Mandal and the Commission were not groping in the dark. The higher judiciary over the years intervened in regard to the State Governments’ exercises since 1961. Various High Courts and the Supreme Court had by this time settled the scope of Articles 15(4) and 340 stating that caste is a class of citizens; that reservation in jobs shall not exceed 50 per cent of the total (and this including reservations already in existence to the SCs and STs); and that objective criteria should be developed for identifying OBCs. These criteria were settled in the course of two cases involving reservation for OBCs in Karnataka and Tamil Nadu: Balaji vs State of Mysore (1963) and P. Rajendran vs State of Tamil Nadu (1968).

With the benefit of hindsight and his own conviction that “social backwardness was the direct consequence of caste status,” the Mandal Commission went about identifying the SEBCs using systematic survey methods and according index points to communities thus identified. The Mandal Commission’s methodology involved eleven indicators to determine social and educational backwardness. These indicators were grouped under three distinct headings – social, educational and economic.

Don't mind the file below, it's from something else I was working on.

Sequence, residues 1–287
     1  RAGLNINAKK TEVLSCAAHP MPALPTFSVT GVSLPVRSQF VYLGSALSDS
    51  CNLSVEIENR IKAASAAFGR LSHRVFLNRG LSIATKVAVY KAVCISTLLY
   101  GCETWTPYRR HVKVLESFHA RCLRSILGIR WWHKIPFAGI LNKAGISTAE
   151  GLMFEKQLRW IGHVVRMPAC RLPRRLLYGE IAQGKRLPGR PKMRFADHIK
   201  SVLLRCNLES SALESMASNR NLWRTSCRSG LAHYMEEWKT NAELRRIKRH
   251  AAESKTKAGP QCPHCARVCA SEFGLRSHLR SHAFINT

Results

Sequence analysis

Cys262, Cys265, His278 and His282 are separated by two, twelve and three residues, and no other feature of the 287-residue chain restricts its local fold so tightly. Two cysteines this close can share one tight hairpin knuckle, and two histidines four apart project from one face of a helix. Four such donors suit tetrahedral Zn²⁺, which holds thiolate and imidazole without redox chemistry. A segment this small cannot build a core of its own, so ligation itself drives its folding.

The social indicators were: castes and classes considered socially backwards by others; castes and classes that depended on manual labor for livelihood; castes and classes where 25 per cent of females and 10 per cent of males get married at an age below 17 years in rural areas  and ten per cent females and five per cent males do so in urban areas; castes and classes where participation of women in work is at least 25 per cent above the State average. The educational indicators were: castes and classes where the number of children aged 5-15 years who never attended school is 25 per cent above the State average; castes and classes where the rate of student drop- out in the same age group is 25 per cent above the State average; castes and classes where matriculation is at least 25 per cent the State average. The economic indicators were: castes and classes where the average value of family assets is at least 25 per cent below the State average; castes and classes where the number of families living in kucchahouses is at least 25 per cent above the State average; castes and classes where the source of drinking water is beyond half a kilometer away; castes and classes where the number of  households having taken a loan is 25 per cent above the State average.